> Do you plan on responding to my suggestion that you point out the > invalid step in Cantor's theorem? > > You say that Cantor's theorem is invalid, right? (You are using the > term "invalid" in its customary sense, I assume.) > > This means that there is some step in the argument which is invalid, > right? > > Would you like to step through the argument with me and show me which > step is invalid? >
You want some sport, but LV won't play?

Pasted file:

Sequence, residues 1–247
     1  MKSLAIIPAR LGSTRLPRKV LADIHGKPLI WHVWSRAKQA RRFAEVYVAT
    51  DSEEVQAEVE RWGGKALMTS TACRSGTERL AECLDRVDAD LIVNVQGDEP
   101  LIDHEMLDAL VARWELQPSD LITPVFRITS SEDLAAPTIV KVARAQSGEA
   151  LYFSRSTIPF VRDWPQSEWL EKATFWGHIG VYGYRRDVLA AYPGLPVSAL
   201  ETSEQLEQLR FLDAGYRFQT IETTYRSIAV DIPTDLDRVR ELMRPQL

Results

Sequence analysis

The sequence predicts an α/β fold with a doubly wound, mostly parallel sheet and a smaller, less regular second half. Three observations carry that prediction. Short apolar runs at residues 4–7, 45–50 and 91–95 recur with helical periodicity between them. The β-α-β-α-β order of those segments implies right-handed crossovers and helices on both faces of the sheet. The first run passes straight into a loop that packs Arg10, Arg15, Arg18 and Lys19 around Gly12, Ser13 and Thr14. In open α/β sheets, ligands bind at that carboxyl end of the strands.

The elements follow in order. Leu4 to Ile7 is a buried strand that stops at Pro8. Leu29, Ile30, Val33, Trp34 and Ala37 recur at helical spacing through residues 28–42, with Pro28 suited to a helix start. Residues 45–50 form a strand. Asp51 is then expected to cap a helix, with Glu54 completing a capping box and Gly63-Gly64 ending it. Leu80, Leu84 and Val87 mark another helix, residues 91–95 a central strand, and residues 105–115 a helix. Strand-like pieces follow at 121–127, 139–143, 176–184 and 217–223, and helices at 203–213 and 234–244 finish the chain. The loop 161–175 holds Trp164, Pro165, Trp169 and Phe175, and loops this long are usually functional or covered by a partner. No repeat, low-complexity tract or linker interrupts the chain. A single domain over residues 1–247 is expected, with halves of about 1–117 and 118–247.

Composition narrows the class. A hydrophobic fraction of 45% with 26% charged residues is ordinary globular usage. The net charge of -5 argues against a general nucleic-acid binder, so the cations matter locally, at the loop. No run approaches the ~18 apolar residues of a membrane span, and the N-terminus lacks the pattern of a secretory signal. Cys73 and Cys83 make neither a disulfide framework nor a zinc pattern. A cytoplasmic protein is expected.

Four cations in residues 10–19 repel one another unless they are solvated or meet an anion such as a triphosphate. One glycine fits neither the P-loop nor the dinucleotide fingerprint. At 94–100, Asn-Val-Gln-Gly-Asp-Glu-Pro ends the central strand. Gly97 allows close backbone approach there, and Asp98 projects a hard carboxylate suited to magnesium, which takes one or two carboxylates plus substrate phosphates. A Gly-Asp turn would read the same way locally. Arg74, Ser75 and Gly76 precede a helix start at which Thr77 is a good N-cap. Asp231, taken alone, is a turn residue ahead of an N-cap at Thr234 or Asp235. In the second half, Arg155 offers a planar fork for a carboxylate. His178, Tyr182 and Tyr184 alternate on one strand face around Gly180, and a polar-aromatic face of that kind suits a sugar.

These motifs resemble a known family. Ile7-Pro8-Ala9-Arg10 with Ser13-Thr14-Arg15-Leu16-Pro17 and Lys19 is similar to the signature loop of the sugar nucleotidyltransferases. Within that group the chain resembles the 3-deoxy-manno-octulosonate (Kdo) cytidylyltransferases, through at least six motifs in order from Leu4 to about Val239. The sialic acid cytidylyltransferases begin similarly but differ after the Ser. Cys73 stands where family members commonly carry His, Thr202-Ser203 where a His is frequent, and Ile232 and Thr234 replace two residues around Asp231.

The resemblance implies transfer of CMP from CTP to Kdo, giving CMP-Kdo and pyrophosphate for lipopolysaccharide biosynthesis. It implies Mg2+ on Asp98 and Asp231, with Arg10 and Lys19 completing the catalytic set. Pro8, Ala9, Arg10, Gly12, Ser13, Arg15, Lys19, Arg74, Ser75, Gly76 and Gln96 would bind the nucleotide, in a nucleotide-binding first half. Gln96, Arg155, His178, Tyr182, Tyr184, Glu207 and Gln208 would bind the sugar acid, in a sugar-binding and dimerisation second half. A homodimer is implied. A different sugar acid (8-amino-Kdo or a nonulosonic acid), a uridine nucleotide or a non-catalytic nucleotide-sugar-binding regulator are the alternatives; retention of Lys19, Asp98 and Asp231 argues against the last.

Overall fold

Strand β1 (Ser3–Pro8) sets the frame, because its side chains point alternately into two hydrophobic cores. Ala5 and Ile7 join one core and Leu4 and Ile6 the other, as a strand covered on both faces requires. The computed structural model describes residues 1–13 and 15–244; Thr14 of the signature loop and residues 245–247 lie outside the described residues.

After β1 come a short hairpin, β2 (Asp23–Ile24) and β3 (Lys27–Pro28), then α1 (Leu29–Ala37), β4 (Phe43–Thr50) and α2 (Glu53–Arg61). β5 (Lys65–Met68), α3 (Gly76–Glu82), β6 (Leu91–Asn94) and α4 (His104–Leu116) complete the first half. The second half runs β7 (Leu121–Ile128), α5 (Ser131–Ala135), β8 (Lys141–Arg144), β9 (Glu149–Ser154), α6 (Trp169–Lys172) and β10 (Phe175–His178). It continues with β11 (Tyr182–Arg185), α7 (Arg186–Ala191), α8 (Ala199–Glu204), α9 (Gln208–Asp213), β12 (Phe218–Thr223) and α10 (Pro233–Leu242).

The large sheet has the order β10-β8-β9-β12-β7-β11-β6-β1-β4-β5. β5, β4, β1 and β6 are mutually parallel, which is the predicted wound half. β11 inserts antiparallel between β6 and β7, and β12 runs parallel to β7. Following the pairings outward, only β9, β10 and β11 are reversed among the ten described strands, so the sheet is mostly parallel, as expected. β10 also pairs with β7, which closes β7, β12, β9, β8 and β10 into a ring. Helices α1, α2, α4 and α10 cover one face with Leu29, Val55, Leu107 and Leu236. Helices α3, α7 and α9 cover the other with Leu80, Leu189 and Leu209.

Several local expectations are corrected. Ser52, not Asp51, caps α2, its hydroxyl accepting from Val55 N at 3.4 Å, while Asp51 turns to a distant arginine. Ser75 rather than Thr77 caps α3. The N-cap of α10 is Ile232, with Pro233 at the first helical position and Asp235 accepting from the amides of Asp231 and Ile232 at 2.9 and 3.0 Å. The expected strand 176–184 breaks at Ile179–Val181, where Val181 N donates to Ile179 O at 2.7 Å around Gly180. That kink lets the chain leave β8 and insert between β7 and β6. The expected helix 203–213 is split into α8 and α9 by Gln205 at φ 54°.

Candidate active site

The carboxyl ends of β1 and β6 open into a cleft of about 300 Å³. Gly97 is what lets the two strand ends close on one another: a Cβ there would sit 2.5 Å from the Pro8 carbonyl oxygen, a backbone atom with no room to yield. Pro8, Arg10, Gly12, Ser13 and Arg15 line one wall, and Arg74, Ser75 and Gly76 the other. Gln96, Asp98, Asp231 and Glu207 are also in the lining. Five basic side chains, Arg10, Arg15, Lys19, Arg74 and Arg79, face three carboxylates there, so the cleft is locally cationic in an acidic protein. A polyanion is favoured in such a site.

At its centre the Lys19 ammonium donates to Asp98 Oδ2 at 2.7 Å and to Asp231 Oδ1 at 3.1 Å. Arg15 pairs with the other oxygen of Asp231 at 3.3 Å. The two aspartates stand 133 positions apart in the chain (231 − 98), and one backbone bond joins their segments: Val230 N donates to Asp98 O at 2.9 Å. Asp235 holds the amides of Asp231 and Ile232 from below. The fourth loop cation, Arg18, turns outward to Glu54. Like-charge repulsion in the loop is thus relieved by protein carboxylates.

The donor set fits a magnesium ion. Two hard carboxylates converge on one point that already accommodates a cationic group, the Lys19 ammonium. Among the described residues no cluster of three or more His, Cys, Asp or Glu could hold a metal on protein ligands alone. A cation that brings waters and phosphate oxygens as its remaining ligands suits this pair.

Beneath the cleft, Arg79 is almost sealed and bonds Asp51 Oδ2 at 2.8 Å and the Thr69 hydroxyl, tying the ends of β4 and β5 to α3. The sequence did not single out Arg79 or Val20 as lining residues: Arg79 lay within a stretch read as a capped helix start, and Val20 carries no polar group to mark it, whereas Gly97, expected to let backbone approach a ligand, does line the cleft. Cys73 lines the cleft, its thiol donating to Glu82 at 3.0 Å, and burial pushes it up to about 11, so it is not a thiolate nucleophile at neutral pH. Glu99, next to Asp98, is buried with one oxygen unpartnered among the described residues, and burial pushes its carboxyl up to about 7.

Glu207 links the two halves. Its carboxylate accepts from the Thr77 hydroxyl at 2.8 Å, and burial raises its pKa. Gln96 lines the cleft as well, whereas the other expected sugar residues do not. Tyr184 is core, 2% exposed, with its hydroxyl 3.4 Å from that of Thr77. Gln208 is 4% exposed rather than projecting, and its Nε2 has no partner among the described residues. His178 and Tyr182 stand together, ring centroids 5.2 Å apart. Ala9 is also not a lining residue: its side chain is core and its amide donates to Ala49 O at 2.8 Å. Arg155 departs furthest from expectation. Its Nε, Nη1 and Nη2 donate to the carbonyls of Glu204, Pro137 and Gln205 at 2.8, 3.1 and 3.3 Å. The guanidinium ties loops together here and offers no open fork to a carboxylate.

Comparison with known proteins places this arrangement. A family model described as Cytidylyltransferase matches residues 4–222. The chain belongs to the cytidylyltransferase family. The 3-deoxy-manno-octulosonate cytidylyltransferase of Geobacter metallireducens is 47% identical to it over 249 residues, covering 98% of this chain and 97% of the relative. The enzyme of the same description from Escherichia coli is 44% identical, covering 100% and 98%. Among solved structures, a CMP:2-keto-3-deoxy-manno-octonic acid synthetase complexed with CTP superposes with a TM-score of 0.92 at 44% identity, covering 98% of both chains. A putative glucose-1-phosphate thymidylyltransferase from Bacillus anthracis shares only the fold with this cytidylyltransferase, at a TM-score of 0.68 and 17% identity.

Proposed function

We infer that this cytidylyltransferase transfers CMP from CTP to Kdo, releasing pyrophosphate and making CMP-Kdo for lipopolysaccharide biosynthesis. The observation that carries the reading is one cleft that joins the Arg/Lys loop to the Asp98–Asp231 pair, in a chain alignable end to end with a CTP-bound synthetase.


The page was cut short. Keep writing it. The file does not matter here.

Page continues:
> If so, how about I present the proof that, for any set X, there is no > surjection X -> PX, and you show me where that argument goes wrong?
Let me take his part.
The proof moves from the assertion that there can be no list of Real numbers to the assertion they are not countable. These are not quite the same thing. There are countable sets (eg computable numbers) which cannot be explicitly listed. Given that the inability to list a set even in principle is not proof that it is uncountable, how does the proof go from 'there is no list' to 'the set is uncountable'.